Doctor Who Cuttings Archive

Jon Pertwee 1919-1996

From The Doctor Who Cuttings Archive
Jump to navigationJump to search

1996-07-02 Starlog 229.jpg


So you are what I have become? A dandy and a clown!" said William Hartnell in the classic 1972 episode of Doctor Who, "The Three Doctors," when he discovered the faces of his two future incarnations, Patrick Troughton and Jon Pertwee.

The lovable "clown" (Troughton) left the stage years ago, and now, sadly, the dashing "dandy," Jon Pertwee, has made his final exit too, dying in his sleep while visiting New York, at age 77.

The debonair British actor will forever remain linked to the Third Incarnation of that eccentric Time Lord from the far-off planet Gallifrey. He personified the role with his usual panache from early 1970 ("Spearhead from Space") to June 1974 ("Planet of the Spiders"). Pertwee's Doctor was flamboyant, brilliant, egocentric, authoritarian, ready to tackle villains with his "Venusian aikido," and yet surprisingly tolerant and tender. He defended the concept of peaceful cohabitation with alien races in "The Silurians and the Sea Devils," and gave a moving, understated yet emotional parting scene with longtime companion, Jo Grant (Katy Manning) in "The Green Death."

Other fans will fondly remember Pertwee as the jolly, innocent scarecrow Worzel Gummidge, from the TV series which ran in England for seven years in the 1980s, before emigrating to New Zealand for another three. His innate sense of goodness and decency clearly shone through the character, and endeared him to audiences worldwide.

Before he became an SF/fantasy icon, Pertwee was known in the United Kingdom as a theatrical actor, a vaudevillian, a cabaret performer, a comedian and, yes, even a circus performer. He told Karen Funk Blocher & Teresa Murray in STARLOG #167 that it was his family's entertainment background that had influenced him to become an actor: "They had been in it for generations, on both sides. We're all in it. I never would have done anything else."

His father, Roland, was also an actor and a respected writer. Brother Michael wrote the screenplays for such films as The Mouse on the Moon (1963) and A Funny Thing Happened on the 7-Way to the Forum (1966), in which Jon played a small role. His son Sean (the Sheriff on Brother Cadfael) continues the family tradition.

Pertwee's first film credit was Dinner at the Ritz (1937), a diverting murder whoddunit. Throughout his film career, he usually appeared in comedies including two of the British Carry On movies, Carry On Cleo and Carry On Cowboy (both 1965), and There's a Girl in My Soup (1970).

Fans may also remember Pertwee's tongue-in-cheek actor-turned-vampre in The House That Dripped Blood (1971) and a guest stint as the eccentric Brigadier Whitehead in The Avengers episode "From Venus With Love."

Pertwee never turned his back on the Doctor, reprising the role in the 20th anniversary special, The Five Doctors, in. 1983, on stage in The Ultimate Adventure in 1989 and on radio/audiobook in 1993. "Being an actor is being an actor," he told Patrick Daniel O'Neill in 1983 (STARLOG #79). "I know how to play the Doctor, so if you asked me 20 years from now, I would be a bit slower, but I could still play it."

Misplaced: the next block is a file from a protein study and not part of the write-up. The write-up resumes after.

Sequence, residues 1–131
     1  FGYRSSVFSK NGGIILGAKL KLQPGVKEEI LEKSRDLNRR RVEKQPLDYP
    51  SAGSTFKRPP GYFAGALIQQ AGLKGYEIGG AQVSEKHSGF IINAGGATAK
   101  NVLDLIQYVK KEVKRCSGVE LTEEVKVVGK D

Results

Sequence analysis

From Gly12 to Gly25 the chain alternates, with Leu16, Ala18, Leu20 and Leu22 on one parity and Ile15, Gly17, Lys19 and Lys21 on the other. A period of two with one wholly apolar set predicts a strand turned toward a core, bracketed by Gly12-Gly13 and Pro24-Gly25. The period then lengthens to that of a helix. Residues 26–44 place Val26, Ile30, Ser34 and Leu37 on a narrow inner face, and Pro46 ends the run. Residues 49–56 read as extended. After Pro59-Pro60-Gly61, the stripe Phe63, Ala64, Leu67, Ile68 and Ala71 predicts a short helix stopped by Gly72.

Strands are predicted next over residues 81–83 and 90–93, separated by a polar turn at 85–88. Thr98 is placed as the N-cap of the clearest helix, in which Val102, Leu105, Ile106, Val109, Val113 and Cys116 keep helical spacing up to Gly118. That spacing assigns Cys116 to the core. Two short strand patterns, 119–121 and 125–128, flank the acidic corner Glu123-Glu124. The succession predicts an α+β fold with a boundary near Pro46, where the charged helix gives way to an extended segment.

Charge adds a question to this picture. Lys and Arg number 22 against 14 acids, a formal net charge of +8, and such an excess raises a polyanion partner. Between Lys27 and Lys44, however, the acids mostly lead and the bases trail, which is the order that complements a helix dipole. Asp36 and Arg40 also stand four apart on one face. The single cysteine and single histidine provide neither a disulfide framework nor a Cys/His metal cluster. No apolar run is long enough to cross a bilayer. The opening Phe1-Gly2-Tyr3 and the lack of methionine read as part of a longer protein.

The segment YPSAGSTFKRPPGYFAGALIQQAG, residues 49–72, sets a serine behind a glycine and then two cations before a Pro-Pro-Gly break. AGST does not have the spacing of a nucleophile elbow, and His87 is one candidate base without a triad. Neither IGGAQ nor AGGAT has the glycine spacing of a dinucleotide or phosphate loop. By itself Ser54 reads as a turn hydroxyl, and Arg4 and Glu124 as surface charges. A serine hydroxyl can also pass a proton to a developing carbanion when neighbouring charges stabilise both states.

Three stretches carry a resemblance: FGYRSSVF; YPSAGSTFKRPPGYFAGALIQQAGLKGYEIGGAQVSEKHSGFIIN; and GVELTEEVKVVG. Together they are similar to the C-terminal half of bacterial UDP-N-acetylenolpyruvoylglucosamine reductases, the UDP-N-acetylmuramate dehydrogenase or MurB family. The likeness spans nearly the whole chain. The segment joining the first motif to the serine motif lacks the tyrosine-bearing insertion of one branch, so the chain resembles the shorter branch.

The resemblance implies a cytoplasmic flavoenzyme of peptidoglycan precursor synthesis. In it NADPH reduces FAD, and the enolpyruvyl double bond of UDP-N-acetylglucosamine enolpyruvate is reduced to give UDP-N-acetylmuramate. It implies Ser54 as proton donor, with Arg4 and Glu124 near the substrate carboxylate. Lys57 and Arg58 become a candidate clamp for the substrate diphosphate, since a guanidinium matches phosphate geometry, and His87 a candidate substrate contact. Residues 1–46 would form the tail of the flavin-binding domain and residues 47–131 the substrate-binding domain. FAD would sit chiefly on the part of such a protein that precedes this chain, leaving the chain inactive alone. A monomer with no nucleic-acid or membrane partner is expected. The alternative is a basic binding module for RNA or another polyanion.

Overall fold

He was utterly devoted to his fans and a major presence, accessible and friendly, at Doctor Who conventions throughout the world. He chronicled his life, loves and laughter in a well-received autobiography, Moon Boots and Dinner Suits.

"I haven't got a public persona," he told Joe Nazzaro in STARLOG PLATINUM EDITION #2. "My work has been so varied. Some people know me from The Navy Lark [his hit radio series] playing a fat, cockney, bearded Chief Petty Officer, although I'm tall and angular. Then, I was a filthy olk scarecrow and a dandiefied folk hero, so you really can't pigeon-hole me."

Caption: Eccentric yet adventurous, Jon Pertwee was an immortal presence as the third Doctor.

Caption: Eternally beloved. Pertwee enjoyed meeting and greeting Doctor Who fans worldwide.

Disclaimer: These citations are created on-the-fly using primitive parsing techniques. You should double-check all citations. Send feedback to

  • APA 6th ed.: Lofficier, Jean-Marc (number 229 (August 1996)). Jon Pertwee 1919-1996. Starlog p. 58.
  • MLA 7th ed.: Lofficier, Jean-Marc. "Jon Pertwee 1919-1996." Starlog [add city] number 229 (August 1996), 58. Print.
  • Chicago 15th ed.: Lofficier, Jean-Marc. "Jon Pertwee 1919-1996." Starlog, edition, sec., number 229 (August 1996)
  • Turabian: Lofficier, Jean-Marc. "Jon Pertwee 1919-1996." Starlog, number 229 (August 1996), section, 58 edition.
  • Wikipedia (this article): <ref>{{cite news| title=Jon Pertwee 1919-1996 | url= | work=Starlog | pages=58 | date=number 229 (August 1996) | via=Doctor Who Cuttings Archive | accessdate=6 July 2020 }}</ref>
  • Wikipedia (this page): <ref>{{cite web | title=Jon Pertwee 1919-1996 | url= | work=Doctor Who Cuttings Archive | accessdate=6 July 2020}}</ref>